National Avg. Salary$56,320 More Salary Data →
Job Growth Rate0.7% More Growth Data →
Recommended DegreeAssociate's Programs & Degrees →
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Robotics technicians assist with the tasks of building, maintaining, troubleshooting, and repairing robots. They may work on large-scale robot installations used in industries like manufacturing, or they may work on more specialized robots used in the military, medical, engineering, or entertainment industries.
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The following job responsibilities are common for individuals in robotics technician roles:
- Build robots according to specifications set by an engineer
- Troubleshoot and repair malfunctioning robotics equipment
- Install robots in factories and other venues
- Calibrate software in order to train robots how to perform tasks
- Create test cases and execute tests to ensure robots are working as designed
A Day in the Life
Modern technology has brought robot technology from sci-fi movies to businesses all over the world, and robotics technicians helped make that happen. Robotics technicians perform an important role in the development, installation, and maintenance of robots that are used in the workplace. They help engineers build robots, install robots in the locations where work will be performed, calibrate robot software for specific jobs, and conduct thorough testing to ensure robots function properly.
In today’s society, robots are used to perform a variety of job functions. They’re commonly used in manufacturing, performing tasks in factories that are too simple or too dangerous for human workers. They work in medicine and engineering, performing tasks like building parts and performing surgeries that require detailed work that is difficult for humans to execute consistently. They may also work in entertainment or hospitality—some airports have robots that talk to guests and provide directions.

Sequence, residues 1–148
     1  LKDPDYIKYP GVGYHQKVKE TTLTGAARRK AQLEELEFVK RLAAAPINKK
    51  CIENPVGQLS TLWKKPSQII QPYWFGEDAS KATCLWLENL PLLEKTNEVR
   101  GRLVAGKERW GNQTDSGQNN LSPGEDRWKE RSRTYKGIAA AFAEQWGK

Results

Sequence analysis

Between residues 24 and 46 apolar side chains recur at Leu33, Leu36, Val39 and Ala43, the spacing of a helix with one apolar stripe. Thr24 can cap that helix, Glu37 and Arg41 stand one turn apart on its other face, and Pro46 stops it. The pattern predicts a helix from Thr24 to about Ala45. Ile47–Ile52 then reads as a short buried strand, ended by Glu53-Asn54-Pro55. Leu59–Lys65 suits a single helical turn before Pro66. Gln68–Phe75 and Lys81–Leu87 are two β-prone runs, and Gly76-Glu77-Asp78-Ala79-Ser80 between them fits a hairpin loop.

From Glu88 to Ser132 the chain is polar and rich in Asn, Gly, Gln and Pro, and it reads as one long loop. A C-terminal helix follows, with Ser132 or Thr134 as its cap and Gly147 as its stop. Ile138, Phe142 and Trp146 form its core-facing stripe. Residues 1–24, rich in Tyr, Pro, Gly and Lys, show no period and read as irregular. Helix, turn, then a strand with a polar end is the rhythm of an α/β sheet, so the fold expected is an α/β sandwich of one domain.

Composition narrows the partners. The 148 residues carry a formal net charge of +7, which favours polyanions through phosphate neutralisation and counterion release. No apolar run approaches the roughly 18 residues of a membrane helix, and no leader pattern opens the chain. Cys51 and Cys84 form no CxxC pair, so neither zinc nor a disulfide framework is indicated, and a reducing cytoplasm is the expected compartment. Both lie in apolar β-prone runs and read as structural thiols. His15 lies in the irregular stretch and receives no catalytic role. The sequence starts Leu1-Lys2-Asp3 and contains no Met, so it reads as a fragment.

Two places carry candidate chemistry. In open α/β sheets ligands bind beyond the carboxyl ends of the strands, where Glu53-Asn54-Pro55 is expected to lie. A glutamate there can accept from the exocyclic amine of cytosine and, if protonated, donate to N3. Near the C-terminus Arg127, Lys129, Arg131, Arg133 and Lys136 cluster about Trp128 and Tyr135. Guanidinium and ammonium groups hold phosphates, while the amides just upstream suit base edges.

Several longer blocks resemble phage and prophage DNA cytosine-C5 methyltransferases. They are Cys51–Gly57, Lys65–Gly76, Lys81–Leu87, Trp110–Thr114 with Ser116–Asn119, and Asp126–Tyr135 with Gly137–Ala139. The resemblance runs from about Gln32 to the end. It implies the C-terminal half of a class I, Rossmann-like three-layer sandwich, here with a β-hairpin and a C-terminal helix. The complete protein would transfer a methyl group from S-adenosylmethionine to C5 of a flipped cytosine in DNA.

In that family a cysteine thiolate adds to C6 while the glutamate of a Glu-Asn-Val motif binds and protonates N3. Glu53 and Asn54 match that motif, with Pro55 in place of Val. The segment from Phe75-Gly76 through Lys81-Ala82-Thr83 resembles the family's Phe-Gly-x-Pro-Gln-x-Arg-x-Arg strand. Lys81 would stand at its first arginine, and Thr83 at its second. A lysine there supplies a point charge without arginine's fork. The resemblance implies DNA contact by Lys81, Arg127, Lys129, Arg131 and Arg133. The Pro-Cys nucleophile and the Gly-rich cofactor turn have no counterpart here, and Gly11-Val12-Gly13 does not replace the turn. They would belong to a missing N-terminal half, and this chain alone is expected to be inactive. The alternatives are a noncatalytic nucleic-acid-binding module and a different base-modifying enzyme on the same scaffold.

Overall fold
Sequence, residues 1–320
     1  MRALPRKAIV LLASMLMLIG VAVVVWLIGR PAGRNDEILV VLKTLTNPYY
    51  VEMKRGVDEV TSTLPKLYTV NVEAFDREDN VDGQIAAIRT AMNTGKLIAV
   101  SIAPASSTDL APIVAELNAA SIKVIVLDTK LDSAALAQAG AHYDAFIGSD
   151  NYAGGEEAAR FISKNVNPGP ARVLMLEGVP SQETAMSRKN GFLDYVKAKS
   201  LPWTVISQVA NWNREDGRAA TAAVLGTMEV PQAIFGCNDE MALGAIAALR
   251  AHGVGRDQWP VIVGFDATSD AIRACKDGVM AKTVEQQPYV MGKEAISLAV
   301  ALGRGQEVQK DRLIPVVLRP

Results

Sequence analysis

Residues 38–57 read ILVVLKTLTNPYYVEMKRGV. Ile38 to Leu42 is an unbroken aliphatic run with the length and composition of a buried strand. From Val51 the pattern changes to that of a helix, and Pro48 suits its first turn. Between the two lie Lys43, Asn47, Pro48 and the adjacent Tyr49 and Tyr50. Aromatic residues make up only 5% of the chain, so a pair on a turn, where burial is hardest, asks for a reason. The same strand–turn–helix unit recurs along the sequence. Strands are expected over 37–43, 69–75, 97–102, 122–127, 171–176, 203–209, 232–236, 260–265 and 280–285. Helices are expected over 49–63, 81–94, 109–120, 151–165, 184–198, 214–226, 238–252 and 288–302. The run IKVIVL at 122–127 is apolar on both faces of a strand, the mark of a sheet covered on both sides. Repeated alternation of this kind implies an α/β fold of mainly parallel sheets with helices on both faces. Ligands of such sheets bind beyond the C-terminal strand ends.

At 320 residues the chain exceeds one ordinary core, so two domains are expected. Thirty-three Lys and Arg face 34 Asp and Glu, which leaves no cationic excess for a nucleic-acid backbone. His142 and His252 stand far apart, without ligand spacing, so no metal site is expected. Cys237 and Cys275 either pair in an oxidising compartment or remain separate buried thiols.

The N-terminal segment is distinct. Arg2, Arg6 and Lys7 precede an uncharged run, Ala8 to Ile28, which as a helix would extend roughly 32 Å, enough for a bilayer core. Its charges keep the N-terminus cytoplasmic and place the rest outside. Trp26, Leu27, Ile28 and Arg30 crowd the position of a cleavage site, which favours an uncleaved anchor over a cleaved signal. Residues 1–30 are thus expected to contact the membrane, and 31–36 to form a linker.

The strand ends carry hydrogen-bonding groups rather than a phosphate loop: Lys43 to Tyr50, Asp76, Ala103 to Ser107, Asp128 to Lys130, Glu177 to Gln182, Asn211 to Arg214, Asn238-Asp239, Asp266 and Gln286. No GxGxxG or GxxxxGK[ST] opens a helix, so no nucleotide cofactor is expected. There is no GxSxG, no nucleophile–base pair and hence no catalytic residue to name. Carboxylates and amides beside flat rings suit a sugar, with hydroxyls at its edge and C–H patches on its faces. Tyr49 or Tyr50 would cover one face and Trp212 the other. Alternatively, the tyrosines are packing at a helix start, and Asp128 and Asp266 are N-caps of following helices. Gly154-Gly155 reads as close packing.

Robotics technicians work alongside these robots, ensuring robots are fully functional and able to complete their assigned tasks. They build and maintain many of the components used in robotics—such as microprocessors, circuitry, sensors, and hydraulics—and use a variety of tools, including hand tools, computer-aided design (CAD) software, and voltmeters. All of these tasks help to make businesses more productive and/or safer, and robotics technicians aid in the achievement of those goals.
Typical Work Schedule
Most robotics technician jobs are full-time roles, though they may be required to work varying shifts. In manufacturing especially, robotics technicians may need to be on hand at any time of day or any day of the year to troubleshoot and repair defective or malfunctioning robots, so the role does not necessarily guarantee a typical 9-5 business schedule.
Projected Job Growth
The technology of robotics is still relatively new, and many businesses are only recently beginning to adopt the technology. As the technology advances, more businesses are expected to adopt it, which should increase demand for robotics technicians significantly in the coming decade.
Most robotics technicians work in the manufacturing industry, installing, troubleshooting, and repairing robots used in factories. However, robotics technicians are also commonly hired to work in healthcare, government, and entertainment industries. As the technology grows, so should the number of industries that employ robotics technicians.